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an illuminated Initial containing
a figure, a group of figures or a narrative scene that relates
to the text. Also called figured initial.
- a book containing hymns performed for the Divine
Office and arranged according to saint's feast days and the
liturgical calendar; sometimes incorporated into a Psalter
- an artist who embellishes manuscripts with vibrant
color. In the early medieval monasteries, the illuminator could
also be the Scribe - a monk
or nun with a sure hand and skilled in mixing Pigment.
a letter that begins a major division in a text. These can range
from the major decorated initials, constituting miniature paintings
that often opened a manuscript, to the minor initials penned in
red ink by the Rubricator
to highlight text and chapter headings. Also see Anthropomorphic,
and Zoomorphic Initials.
- an improvement over the ancient world's use of water-soluble,
carbon ink was the medieval mix of pulverized Oak
Gall, copperas and gum Arabic. The ingredients yielded a much
more permanent, though if mixed improperly, highly acidic ink.
One old recipe gives advice on the proper proportions:
quarte of water two ounces of right gumme Arabick, five ounces
of galles, and three of coperas. Let it stand in the warme sunne,
and so it will the sooner prove good inke."
were common, and evident in many old manuscripts slowly eaten
through by medieval ink, from Lt., encaustum, or "burnt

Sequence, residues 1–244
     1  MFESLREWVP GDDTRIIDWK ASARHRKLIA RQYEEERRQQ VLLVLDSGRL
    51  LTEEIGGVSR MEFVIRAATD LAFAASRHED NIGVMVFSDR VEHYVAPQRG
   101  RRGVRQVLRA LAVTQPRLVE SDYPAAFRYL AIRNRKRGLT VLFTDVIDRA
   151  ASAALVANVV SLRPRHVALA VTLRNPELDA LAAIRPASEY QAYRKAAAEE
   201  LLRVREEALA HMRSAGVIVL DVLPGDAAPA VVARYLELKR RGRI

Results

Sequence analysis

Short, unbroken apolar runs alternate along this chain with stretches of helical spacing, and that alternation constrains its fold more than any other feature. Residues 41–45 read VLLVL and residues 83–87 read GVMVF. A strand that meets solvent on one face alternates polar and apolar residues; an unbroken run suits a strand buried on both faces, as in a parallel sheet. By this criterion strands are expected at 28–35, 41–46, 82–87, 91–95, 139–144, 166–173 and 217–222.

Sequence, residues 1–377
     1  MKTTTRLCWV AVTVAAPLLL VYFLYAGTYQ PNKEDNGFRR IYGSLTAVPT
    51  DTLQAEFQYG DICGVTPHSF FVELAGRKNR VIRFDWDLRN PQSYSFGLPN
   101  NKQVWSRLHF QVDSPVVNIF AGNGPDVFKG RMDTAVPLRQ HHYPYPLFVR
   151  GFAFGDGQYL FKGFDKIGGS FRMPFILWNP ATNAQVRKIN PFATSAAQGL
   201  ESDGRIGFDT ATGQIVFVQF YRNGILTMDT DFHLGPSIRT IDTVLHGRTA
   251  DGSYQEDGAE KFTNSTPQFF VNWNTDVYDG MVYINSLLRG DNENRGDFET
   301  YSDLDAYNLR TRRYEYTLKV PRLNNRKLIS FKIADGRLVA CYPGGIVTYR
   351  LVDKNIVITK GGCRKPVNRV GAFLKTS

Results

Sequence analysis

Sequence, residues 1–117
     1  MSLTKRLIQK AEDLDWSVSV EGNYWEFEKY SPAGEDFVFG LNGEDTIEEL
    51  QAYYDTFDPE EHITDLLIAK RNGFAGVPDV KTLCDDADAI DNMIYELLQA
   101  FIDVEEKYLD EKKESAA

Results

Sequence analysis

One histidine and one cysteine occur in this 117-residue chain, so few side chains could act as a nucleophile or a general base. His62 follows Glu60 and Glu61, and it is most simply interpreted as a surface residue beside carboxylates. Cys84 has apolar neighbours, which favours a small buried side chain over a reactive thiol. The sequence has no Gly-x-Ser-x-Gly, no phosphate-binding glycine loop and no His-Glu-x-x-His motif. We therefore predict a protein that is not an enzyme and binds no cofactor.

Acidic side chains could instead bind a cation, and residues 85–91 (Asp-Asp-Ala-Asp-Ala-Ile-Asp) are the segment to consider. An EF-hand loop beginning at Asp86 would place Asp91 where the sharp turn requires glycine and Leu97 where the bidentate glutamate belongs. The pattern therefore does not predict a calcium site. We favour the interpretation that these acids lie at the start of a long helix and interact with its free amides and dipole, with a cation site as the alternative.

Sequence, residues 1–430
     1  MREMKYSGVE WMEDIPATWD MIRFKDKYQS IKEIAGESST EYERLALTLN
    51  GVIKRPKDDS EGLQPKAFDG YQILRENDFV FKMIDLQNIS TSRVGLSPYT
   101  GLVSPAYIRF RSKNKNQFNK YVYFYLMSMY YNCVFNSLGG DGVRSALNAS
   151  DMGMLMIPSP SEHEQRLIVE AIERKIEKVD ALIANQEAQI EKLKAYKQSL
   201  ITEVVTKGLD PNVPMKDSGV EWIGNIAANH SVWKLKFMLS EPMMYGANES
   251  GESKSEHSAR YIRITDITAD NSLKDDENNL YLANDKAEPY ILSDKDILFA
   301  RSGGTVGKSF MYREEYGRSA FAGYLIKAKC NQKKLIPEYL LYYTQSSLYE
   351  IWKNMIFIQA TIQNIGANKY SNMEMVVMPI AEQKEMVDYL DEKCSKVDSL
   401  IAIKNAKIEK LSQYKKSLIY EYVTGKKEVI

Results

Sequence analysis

manuscript style originating in 6th century
Scotland and Northumbria, traveling southward
across England and
to Ireland. Typified by clearly spaced lettering with a minimum
of flourish, offset by extremely intricate knotted and interlaced
design. Examples include the Lindisfarne Gospels and Ireland's
Book of Kells:
- a tool possibly of equal importance to the Pen
and used to 1. steady the page; 2. as an eraser to scrape a mistake
or offending mark from the parchment; or 3. to cut and recut the
nib of the quill (ergo, a penknife) thereby maintaining a sharp
point as the work continued. Self-portraits of scribes sometimes
show them holding a knife in the left hand and a pen in the other.
Point - a plummet
or piece of lead alloy used much like a
pencil to sketch in initials before inking. Lead point was also
used for underdrawings, or for Ruling
pages. Instructions in lead point that instruct the scribe on
the placement of text and illustrations can still be found in
many old manuscripts.
- Lt. "things in the margin," describing the
wealth of detail that can be found in manuscripts apart from the
main text. This might include anything from instructions to the
scribe (see Lead Point, above) to the often ornate Gloss
that helped to interpret religious and scholarly texts.
- a stand-alone painting, inserted into the composition
of a manuscript, separate and apart from the decorated Initial
or highly ornate borders. A term which refers not to the painting's
size but to the Latin minium, or red, the bright color
favored in early medieval manuscripts.